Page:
Why Is it Important that Students Have Musical Awareness?
Communication. As students progress in their study or as they move toward teaching or choreography the ability to talk about and interpret music and its relationship to dance with clarity will be an asset. Consider the following scenario, for instance:
“Something in three,” the ballet teacher says, and the poor accompanist can’t satisfy the request until the teacher finally yells, “No, no, no! Something in THREE! One, two, three, eee; One, two, three, eee.” — from an article by Monica Dale.
Developing musical artistry (or musicality) in dance requires some understanding of or at least hands on experience with musical form, rhythmical structure, and the other ingredients of music. What is musical artistry? My definition: The ability to connect with accompanying music, interpret it, phrase and add dynamics to movement in relationship to the music (or even in the absence of music) in a way that is unique or interesting.
Staying together. At a more base level it is simply easier to keep students moving together and on the beat if there is a shared comprehension of music.
Bridging the gap
Do your students have a basic understanding of musical concepts? As music and arts programs in public schools have faced cutbacks, I’ve found myself needing to diligently cover meter, tempos, and rhythms in my dance classes to make up for what schools are lacking in this area.
While dance teachers cannot fully nourish this musical malnutrition, there are fortunately many inventive ways that they can lay a foundation for musicality and a competency in musical theory within their classes. The suggestions (or perhaps more accurately, principles) below are by no means a complete guide to accomplishing the task but hopefully they’ll prime the pump of your own creativity. I’d love to hear about additional strategies or ideas that you have in the comments below and I know others would too!
Explore Tempos and Rhythm in your Curriculum
Most classes for younger children incorporate music-related activities through the use of props, instruments, songs or rhymes. Rarely, however, do teachers of students older than 5 or 6 years make exploration of tempo or rhythm part of each dance lesson. It can’t be assumed that older children have “naturally” developed a sense or understanding of these concepts. Continue musical exploration beyond the early years.
Whenever possible, seek out music with varying meter or with time signatures other than 4/4. This can be particularly challenging in classes that make use of popular music. Experiment with music from other cultures and push yourself to try something new or that goes beyond your own choreographic or musical preferences. Include your students in the process, urging them to be on the lookout for music with unusual meter and to bring in their best finds for use in class.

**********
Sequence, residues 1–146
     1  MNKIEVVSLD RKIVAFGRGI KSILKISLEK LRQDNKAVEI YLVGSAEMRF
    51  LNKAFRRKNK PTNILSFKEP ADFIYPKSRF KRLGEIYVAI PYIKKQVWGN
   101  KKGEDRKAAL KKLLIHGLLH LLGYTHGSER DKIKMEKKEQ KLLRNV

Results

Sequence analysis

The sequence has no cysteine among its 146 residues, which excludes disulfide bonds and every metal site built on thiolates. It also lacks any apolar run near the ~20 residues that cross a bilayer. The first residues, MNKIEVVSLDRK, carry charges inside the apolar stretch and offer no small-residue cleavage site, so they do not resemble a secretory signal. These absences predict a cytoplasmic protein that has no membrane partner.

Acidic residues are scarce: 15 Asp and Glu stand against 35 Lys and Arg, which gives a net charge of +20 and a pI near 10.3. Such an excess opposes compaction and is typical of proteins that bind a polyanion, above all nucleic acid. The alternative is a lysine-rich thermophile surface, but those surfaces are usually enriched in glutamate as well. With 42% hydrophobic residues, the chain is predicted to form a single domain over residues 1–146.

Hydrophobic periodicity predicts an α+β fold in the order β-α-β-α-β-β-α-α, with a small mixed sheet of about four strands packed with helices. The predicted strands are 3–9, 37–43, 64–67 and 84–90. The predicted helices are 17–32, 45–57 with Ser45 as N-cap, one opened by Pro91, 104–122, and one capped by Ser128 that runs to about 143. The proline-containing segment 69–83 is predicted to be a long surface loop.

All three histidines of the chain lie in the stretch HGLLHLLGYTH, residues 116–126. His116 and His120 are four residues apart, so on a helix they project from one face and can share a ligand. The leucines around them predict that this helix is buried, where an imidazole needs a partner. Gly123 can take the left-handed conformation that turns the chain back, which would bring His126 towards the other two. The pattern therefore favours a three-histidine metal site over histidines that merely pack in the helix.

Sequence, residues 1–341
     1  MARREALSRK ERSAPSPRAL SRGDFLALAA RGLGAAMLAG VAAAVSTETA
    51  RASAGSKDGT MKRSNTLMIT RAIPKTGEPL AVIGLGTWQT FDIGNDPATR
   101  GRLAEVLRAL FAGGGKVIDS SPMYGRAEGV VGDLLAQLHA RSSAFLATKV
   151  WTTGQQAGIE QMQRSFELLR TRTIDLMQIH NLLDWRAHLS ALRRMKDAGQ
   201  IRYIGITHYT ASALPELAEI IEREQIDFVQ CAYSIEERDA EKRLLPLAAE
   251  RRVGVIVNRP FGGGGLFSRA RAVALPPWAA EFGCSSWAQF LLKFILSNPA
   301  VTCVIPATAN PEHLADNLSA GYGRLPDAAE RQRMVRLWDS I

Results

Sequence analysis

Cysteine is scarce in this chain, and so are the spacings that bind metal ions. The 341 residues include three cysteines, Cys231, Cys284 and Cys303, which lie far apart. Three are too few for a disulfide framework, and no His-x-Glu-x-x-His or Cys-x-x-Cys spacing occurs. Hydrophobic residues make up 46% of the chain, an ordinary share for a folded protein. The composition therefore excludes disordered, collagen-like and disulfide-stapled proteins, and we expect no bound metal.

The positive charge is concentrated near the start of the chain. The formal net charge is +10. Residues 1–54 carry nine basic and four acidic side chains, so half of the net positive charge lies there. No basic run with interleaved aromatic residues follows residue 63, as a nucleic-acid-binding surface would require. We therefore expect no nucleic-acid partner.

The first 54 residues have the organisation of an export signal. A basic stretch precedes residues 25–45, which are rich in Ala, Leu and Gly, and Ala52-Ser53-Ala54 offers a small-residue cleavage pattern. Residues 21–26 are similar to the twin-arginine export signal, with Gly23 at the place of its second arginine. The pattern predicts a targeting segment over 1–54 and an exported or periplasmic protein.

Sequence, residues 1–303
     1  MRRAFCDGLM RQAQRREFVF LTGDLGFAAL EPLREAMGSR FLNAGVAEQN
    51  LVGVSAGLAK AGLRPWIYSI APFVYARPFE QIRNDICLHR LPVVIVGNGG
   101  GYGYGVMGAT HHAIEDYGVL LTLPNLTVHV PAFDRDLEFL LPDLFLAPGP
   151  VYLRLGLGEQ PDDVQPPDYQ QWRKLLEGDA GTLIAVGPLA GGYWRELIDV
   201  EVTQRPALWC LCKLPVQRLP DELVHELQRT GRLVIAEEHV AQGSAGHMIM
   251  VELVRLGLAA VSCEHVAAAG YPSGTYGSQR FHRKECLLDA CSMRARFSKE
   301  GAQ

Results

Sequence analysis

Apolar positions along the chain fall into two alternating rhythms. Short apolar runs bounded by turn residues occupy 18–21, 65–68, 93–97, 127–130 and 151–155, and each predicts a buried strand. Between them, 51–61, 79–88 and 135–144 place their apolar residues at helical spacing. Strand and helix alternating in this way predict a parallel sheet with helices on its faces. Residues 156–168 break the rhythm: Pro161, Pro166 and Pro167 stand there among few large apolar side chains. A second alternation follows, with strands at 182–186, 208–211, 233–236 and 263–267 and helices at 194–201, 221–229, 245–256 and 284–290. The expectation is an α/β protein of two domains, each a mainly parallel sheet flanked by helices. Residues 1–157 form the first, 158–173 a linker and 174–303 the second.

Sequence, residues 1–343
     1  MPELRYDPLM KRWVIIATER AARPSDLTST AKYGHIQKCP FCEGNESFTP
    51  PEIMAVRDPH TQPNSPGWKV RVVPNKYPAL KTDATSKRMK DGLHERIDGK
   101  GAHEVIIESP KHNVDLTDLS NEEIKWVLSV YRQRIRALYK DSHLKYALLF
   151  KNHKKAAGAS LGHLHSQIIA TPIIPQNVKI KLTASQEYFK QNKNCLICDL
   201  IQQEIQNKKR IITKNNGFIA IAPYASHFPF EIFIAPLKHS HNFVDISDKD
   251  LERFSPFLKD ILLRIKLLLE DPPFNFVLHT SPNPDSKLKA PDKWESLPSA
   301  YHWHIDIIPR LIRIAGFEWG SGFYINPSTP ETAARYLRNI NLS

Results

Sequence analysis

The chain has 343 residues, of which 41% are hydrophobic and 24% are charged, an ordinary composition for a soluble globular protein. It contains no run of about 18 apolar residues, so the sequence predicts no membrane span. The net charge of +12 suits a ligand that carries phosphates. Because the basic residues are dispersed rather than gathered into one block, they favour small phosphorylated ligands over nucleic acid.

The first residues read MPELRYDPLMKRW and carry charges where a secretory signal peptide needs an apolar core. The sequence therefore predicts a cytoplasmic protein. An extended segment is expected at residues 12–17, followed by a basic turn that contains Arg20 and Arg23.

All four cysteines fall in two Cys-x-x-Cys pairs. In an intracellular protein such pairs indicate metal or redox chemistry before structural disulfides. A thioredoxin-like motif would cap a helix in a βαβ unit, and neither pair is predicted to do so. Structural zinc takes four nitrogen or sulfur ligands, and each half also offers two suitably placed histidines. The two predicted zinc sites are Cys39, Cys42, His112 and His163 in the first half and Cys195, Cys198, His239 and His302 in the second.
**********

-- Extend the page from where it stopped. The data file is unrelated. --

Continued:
Return to Square One Every Now and Then
Sometimes even older students have trouble finding the beat. It never hurts to revisit such basic concepts as moving on the beat, finding the downbeat, counting the music, or locating phrases within the music. Try having students improvise – moving on each clap, drumbeat, or beat of the music. Then have them try moving on each downbeat, or every 3 or 4 or 5, etc. beats. Create rhythms and patterns like this example (in 3/4 time) move, hold, hold || moo–oo-ove || hold, hold, move! || hold, hold, move!
Music Theory through Dance
There are many creative ways you might incorporate concepts like note value and rhythm in your classes. Try visual aids as simple as halved, quartered, and further divisions of paper. Allow students to explore what it feels like to suspend movement throughout a whole note or dance a rhythmic pattern. Allow them to create and dance their own patterns. Or, help students to recognize the musical structure of phrases or movements which they already know. Explore the uneven quality of a skip for instance – Clap the rhythm. How many fit within a given measure? What would a skip look like if written in musical notation? And, what about chaîné turns? A triplet or waltz turn? A time step?
Music educators know that movement is a great tool in teaching music theory. Dance educators can learn and expand their curriculum with just a bit of what these musicians put into practice in their classrooms… if given the opportunity.
- Teach music concepts through body movement – MENC 1973
- Dalcroze Eurhythmics: A Brief Introduction
- Rhythmic movement and Public School Music Education – MENC 1991
- Music Education Beyond the Mozart Effect
- Feel It: Rhythm Games for All
- Hap Palmer: Educational Children’s Songs
Why do you feel musical awareness is important?
What are some methods you use in your classes to increase musical awareness?